Rob English has built for me two custom steel bicycles, a road bike and a folding, packable 29er mountain bike. The road bike is my primary race bike, and built up with SRAM Red and carbon wheels it’s just over 14 lbs. I just received the mountain bike, and I intend to use it for my frequent travel to far away locales for mountain biking and rough stuff touring. It is built up with an Alfine 8 speed internal hub and has braze ons for mounting a rack.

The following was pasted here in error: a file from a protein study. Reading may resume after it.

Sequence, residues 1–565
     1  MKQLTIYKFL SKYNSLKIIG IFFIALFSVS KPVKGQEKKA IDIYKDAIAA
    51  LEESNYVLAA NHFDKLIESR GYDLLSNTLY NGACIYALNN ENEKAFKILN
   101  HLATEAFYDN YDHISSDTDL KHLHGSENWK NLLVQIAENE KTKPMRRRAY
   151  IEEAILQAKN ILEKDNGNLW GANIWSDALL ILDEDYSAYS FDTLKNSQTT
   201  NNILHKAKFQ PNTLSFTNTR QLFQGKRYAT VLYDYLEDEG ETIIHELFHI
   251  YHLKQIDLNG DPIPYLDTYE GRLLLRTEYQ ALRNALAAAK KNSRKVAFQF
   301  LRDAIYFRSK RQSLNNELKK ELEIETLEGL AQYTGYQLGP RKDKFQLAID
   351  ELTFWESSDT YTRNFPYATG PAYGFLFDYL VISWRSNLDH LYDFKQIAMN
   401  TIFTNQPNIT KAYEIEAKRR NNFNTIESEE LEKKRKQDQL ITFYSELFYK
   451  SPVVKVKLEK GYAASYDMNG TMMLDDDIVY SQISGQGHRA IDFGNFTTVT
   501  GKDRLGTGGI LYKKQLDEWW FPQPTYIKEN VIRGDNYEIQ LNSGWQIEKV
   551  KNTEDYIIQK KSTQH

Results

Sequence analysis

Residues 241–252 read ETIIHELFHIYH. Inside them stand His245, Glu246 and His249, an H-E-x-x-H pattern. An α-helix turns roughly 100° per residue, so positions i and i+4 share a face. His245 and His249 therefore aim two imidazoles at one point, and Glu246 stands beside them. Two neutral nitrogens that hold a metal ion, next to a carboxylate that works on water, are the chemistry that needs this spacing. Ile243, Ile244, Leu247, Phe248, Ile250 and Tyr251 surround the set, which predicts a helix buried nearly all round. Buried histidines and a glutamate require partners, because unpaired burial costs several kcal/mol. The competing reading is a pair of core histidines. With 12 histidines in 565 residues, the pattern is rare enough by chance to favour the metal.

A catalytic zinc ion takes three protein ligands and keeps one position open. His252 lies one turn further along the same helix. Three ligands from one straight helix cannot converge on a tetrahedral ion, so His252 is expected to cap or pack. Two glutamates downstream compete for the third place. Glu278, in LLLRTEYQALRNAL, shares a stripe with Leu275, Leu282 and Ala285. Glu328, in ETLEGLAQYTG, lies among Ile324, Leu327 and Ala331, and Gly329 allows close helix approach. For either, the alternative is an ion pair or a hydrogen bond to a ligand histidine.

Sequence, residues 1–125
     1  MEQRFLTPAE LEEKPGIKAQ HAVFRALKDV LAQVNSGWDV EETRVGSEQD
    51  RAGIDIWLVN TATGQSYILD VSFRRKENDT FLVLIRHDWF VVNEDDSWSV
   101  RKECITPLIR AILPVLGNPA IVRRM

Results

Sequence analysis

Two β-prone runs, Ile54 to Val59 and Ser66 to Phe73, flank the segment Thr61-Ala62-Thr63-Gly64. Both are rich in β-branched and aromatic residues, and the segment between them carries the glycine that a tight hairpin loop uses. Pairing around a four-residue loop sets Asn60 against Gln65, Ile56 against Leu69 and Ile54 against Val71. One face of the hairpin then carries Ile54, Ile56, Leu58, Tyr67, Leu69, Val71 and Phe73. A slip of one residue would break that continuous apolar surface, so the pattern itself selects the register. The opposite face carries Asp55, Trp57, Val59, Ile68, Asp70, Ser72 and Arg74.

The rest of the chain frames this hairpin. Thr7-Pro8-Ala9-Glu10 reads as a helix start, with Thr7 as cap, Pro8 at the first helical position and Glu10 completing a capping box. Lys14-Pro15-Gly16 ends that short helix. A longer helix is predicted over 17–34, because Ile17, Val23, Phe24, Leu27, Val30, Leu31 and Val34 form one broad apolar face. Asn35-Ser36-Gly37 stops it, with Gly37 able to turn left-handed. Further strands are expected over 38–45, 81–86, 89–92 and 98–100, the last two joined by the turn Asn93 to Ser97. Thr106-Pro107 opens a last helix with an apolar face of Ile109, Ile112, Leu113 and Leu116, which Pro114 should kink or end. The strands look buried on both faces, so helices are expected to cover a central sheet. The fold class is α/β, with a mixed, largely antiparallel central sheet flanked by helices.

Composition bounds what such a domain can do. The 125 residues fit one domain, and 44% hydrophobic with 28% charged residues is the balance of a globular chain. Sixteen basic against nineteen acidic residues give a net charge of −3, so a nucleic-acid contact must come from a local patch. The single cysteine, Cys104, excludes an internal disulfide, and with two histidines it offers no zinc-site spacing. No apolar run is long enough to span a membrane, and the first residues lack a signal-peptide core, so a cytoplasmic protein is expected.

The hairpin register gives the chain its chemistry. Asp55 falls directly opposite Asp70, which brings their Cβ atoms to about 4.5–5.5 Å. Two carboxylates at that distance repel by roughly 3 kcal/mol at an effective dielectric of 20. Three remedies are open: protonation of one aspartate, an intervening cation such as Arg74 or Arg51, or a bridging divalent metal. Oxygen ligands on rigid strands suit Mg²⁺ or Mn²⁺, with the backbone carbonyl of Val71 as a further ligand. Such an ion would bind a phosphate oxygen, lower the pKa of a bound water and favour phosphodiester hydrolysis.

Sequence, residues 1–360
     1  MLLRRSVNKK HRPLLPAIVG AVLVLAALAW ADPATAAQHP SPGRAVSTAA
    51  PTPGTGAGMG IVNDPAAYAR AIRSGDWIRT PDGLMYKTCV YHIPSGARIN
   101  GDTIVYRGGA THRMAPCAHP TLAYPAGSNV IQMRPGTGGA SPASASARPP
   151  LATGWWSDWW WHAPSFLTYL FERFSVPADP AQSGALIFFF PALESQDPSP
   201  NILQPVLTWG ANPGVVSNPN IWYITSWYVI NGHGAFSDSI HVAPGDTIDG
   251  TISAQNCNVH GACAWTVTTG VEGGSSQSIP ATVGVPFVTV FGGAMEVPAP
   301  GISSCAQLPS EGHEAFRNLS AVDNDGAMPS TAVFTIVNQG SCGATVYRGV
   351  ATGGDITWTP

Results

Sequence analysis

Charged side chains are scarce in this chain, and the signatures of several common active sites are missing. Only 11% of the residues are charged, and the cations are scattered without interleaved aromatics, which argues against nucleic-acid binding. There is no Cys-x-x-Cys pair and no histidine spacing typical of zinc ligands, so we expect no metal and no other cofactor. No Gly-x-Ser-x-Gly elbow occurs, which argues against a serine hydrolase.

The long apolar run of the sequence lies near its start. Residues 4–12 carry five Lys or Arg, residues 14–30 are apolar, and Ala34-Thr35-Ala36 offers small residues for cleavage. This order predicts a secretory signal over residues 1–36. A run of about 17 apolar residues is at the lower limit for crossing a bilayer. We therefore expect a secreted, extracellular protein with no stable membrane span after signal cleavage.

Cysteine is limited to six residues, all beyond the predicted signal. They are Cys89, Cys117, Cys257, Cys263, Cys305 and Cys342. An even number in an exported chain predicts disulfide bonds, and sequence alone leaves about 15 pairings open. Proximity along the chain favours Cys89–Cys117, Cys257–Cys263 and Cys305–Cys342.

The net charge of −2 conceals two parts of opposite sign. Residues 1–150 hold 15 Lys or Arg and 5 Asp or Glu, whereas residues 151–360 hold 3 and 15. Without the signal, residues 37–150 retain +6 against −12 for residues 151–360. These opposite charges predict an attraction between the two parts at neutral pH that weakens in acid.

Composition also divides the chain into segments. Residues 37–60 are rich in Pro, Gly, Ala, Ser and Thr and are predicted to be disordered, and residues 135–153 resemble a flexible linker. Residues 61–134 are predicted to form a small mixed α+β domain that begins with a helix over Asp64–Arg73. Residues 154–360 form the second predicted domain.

My experience working with Rob has been absolutely incredible. He’s a serious, innovative, and smart Cambridge University trained engineer who has been working in the bike industry for years. He listens carefully to what the customer wants and needs, and nothing is “off the table.” I wanted my bikes to perform a certain way, to look a certain way, and to really represent custom solutions to my needs. In every case, Rob said, “let me think about how to do that,” and then he’d come back with an idea in a week or so. On my road bike, I wanted the monostay on the rear triangle to intersect the front triangle at a certain place to achieve a certain look; yeah, that’s a silly picky thing, but Rob’s attitude was, “no problem.” He thought he could do better in terms of weight and simplicity over S&S couplings for my packable bike, and his clever solution seems to succeed in spades. As another example, I didn’t want a twist shifter or a Shimano trigger for my Alfine hub; he custom built a mount for a Jtek lever.